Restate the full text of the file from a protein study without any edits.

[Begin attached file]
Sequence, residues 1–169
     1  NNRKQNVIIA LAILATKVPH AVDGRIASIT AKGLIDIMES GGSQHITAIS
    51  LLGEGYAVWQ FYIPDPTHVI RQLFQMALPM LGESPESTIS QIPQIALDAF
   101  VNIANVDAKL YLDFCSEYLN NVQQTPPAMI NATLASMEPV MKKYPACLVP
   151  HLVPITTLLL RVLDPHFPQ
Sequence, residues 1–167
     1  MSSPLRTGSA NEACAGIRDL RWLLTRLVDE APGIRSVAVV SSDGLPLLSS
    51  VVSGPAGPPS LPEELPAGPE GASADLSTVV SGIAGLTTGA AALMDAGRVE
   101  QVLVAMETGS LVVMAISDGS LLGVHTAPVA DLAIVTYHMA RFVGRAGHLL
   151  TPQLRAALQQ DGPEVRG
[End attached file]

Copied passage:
Sequence, residues 1–169
     1  NNRKQNVIIA LAILATKVPH AVDGRIASIT AKGLIDIMES GGSQHITAIS
    51  LLGEGYAVWQ FYIPDPTHVI RQLFQMALPM LGESPESTIS QIPQIALDAF
   101  VNIANVDAKL YLDFCSEYLN NVQQTPPAMI NATLASMEPV MKKYPACLVP
   151  HLVPITTLLL RVLDPHFPQ
Sequence, residues 1–167
     1  MSSPLRTGSA NEACAGIRDL RWLLTRLVDE APGIRSVAVV SSDGLPLLSS
    51  VVSGPAGPPS LPEELPAGPE GASADLSTVV SGIAGLTTGA AALMDAGRVE
   101  QVLVAMETGS LVVMAISDGS LLGVHTAPVA DLAIVTYHMA RFVGRAGHLL
   151  TPQLRAALQQ DGPEVRG